Tiara Cash participated as an artist in CounterAct by creating a mantra for assault survivors to sing in group sessions.

Cash, who works as the program manager for the Center for Mindfulness Compassion and Resilience at ASU, said the-three minute mantra gives survivors the opportunity to reclaim their inner dialog.

“Some of the wording is ‘I am light, I am strength, I am resolution, I am enough,’” Cash said. “It helps people to really tune into the pieces of ourselves that we might not always think about when we are victims of sexual violence or trauma.”

Cash incorporated local artists’ music to create a healing experience. It works because of the endless possibilities that art holds as a communication tool for communication, she said.

“When we see visual art or listen to musical art or whatever the art may be, it taps into a different part of ourselves that conversations or words can’t, necessarily,” Cash said.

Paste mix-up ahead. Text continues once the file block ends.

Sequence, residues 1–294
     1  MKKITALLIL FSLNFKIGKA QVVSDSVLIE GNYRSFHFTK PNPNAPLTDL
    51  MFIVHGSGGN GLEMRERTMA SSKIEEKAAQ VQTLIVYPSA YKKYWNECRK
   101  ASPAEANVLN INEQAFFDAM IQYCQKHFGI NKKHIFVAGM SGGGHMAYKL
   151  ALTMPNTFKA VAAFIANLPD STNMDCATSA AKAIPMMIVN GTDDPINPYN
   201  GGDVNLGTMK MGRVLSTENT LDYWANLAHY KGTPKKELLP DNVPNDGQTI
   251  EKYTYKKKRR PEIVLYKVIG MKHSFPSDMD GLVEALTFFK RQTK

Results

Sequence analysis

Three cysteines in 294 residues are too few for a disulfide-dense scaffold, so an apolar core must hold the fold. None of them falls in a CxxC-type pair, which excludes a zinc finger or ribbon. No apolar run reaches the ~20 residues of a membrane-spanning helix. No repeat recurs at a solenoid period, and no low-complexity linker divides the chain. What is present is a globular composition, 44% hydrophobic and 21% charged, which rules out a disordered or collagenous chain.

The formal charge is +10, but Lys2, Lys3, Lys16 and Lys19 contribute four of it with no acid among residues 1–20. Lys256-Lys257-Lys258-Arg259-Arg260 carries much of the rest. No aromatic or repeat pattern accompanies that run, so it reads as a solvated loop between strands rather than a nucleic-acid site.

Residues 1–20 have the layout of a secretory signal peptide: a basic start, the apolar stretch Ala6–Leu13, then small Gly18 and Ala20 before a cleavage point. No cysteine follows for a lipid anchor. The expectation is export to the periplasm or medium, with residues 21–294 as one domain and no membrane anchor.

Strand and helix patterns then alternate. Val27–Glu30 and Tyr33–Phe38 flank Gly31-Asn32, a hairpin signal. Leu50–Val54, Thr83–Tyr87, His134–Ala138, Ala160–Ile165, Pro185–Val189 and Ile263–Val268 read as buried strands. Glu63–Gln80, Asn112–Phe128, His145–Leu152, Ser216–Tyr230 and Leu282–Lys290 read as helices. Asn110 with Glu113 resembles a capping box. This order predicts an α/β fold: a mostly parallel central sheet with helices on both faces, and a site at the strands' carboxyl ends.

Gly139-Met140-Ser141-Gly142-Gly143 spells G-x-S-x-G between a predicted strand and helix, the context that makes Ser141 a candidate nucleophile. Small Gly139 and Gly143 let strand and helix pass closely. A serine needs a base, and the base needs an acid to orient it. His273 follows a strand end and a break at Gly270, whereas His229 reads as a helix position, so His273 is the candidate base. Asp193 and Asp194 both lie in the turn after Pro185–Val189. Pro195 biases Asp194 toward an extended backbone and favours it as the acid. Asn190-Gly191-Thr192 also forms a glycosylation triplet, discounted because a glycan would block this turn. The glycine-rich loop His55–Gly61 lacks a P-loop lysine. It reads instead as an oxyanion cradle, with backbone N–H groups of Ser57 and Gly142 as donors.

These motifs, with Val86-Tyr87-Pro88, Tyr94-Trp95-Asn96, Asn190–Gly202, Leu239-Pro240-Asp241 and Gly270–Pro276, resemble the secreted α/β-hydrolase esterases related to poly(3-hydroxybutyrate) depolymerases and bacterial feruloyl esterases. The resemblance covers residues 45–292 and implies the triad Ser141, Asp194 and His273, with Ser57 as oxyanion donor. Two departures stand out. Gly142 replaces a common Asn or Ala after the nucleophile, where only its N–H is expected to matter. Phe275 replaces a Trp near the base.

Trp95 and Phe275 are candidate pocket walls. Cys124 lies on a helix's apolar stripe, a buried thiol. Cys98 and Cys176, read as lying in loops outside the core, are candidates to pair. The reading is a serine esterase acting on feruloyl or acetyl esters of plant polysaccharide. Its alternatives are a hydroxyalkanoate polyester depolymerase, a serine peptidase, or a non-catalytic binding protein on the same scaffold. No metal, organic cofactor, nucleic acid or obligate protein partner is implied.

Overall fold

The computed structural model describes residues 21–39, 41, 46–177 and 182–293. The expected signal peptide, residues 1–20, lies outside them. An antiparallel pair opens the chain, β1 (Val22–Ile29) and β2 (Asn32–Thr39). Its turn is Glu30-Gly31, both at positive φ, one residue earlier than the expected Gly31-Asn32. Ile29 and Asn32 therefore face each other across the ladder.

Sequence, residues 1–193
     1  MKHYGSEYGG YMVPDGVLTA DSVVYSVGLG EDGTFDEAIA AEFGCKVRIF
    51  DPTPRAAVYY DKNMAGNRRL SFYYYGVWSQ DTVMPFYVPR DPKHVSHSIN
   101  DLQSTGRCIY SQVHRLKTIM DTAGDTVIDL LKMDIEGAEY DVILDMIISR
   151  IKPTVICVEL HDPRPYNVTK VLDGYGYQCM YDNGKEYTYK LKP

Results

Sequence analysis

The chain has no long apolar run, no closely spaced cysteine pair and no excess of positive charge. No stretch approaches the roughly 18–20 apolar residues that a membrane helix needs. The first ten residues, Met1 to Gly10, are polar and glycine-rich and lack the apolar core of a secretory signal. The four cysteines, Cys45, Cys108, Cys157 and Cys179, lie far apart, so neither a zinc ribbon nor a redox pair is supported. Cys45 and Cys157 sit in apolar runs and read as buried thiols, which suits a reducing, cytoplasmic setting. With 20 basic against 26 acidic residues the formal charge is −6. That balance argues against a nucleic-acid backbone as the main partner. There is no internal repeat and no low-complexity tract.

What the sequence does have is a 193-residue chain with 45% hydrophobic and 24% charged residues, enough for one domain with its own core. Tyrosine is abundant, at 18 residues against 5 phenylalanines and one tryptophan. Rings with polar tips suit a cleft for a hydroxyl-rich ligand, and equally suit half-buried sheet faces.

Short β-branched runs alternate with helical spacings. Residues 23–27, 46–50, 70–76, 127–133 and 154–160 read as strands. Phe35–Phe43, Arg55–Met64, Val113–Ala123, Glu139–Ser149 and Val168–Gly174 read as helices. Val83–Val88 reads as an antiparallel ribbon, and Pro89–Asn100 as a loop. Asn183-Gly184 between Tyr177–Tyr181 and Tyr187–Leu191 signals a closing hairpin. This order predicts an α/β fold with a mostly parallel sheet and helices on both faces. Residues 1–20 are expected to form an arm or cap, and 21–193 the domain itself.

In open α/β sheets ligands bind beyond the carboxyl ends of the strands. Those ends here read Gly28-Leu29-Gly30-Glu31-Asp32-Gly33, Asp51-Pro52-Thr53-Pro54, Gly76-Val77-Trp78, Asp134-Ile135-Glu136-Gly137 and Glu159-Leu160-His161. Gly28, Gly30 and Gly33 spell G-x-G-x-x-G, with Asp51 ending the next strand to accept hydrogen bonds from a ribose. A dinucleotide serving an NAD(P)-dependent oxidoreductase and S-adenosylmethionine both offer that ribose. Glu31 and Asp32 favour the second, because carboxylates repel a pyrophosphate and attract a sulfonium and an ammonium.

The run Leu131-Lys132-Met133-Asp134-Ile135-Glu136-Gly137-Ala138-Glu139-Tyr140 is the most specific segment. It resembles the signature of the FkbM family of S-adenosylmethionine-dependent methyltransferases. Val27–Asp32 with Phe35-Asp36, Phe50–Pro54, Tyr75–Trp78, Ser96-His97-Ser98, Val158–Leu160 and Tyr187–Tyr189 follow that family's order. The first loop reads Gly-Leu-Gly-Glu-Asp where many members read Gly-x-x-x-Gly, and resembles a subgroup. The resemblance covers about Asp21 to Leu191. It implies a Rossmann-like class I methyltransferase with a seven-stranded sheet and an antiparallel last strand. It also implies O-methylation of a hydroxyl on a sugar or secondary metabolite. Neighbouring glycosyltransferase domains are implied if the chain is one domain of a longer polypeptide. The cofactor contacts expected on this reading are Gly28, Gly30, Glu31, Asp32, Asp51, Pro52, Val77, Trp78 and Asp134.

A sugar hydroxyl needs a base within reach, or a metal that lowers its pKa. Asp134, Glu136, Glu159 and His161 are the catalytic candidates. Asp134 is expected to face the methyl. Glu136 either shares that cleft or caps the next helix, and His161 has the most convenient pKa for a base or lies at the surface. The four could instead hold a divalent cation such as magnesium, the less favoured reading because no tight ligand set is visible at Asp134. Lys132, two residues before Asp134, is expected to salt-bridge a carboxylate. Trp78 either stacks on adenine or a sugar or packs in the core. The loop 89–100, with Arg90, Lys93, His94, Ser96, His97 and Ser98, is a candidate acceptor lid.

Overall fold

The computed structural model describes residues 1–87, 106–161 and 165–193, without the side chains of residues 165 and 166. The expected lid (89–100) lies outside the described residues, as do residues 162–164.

Cash has carried the mantra through her work outside CounterAct and recently used it at a convention for female athletes at ASU.

“We had an ‘overcome to become’ workshop for female student athletes,” she said. “There was very sensitive information talked about in that environment, so we used the mantra to close it out, give people a safe space to tune back into themselves and practice some self-compassion and words of kindness before departing.”

Jones, who takes Art Against Assault to college campuses, said such work inadvertently can spur traumatic memories.

“When I visited North Carolina, it was the same month that a pretty violent assault had happened on campus,” Jones said, “It was a tricky conversation to have, it’s thinking of how to have a conversation without it being triggering.”

Foster recognizes the importance of new avenues for addressing the stigma around sexual violence, but she stressed expertise and experience.

“I’ve seen art therapists who aren’t trained art therapists, therapists who like art, or worse, artists who like therapy. That’s where I see misuse, which can be very dangerous to clients and survivors,” Foster said. “Art is very powerful, so it brings up a lot. If you don’t know what materials you’re using at with whom, it can be very triggering.”